Rabbi Tzvi Yehuda HaKohen Kook, of blessed memory, explained this with a parable. He said it was like a girl who was set up on a shidduch with a guy whom she knew wasn’t for her. But she didn’t want to embarrass him. So she dressed up in dirty, smelly garments so that he would feel turned off. While he thought that he was rejecting her, in truth, she was rejecting him. So too, God, in His kindness, lets Jews who decide to leave Israel believe that they are rejected the Land, but it is really the Land that is rejecting them.

Surely, aliyah is the most difficult and challenging mitzvah – the true test of a Jew’s faith in God. But hundreds of thousands of new olim have made it, and so can you.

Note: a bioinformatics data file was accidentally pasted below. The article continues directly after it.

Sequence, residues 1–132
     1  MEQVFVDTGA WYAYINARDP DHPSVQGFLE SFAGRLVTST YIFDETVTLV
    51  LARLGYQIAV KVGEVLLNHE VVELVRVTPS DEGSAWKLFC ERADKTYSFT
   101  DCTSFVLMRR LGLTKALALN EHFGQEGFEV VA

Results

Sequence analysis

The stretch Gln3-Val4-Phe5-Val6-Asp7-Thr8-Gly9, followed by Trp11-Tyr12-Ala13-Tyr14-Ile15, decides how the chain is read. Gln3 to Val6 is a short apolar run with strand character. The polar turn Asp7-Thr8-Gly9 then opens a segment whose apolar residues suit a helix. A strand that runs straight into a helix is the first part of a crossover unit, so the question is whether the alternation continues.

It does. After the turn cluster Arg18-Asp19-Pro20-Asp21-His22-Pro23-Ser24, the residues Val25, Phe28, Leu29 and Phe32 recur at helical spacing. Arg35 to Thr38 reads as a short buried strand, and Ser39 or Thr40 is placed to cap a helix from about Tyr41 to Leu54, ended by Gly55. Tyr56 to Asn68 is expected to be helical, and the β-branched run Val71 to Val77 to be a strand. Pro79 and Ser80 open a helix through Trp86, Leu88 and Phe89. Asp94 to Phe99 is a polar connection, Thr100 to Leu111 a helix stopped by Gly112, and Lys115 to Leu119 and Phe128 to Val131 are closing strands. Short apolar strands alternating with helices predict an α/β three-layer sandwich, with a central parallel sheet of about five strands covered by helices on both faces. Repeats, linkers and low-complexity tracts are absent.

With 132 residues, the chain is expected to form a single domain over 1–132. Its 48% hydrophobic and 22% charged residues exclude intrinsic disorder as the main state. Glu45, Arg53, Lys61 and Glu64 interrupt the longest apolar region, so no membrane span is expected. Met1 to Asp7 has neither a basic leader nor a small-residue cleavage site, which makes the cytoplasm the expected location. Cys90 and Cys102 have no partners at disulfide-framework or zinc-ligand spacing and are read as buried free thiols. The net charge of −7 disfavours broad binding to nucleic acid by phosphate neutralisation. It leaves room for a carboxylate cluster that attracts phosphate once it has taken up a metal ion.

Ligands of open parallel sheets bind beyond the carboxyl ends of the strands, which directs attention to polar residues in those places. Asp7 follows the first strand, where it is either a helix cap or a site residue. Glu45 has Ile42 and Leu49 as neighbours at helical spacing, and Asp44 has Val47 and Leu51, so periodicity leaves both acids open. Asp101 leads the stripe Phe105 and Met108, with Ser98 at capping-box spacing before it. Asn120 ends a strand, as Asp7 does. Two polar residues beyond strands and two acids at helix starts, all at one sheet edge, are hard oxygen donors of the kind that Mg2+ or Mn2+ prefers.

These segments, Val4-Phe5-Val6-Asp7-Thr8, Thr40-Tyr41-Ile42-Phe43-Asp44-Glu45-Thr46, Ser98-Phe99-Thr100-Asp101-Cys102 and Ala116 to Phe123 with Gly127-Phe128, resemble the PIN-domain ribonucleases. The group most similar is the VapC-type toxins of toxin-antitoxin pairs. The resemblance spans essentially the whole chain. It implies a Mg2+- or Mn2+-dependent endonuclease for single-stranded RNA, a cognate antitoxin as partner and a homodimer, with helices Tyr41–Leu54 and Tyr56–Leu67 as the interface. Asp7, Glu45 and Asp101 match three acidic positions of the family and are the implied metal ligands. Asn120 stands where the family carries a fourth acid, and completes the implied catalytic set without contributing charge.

Hopefully, other readers will have even better words of advice.

May you remain strong in your holy decision, and may Hashem bless you and your family with success in the great adventure ahead.

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About the Author: Tzvi Fishman was awarded the Israel Ministry of Education Prize for Creativity and Jewish Culture for his novel "Tevye in the Promised Land." For the past several years, he has written a popular and controversial blog at Arutz 7. A wide selection of his books are available at Amazon. The views expressed in this blog are solely those of the author and do not represent the views of The Jewish Press


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46 Responses to “The Secret of Making a Living after Making Aliya”

  1. Moshe Mordechai Zalman Shulman says:

    I really liked this article:-)

  2. Yaacov Barak says: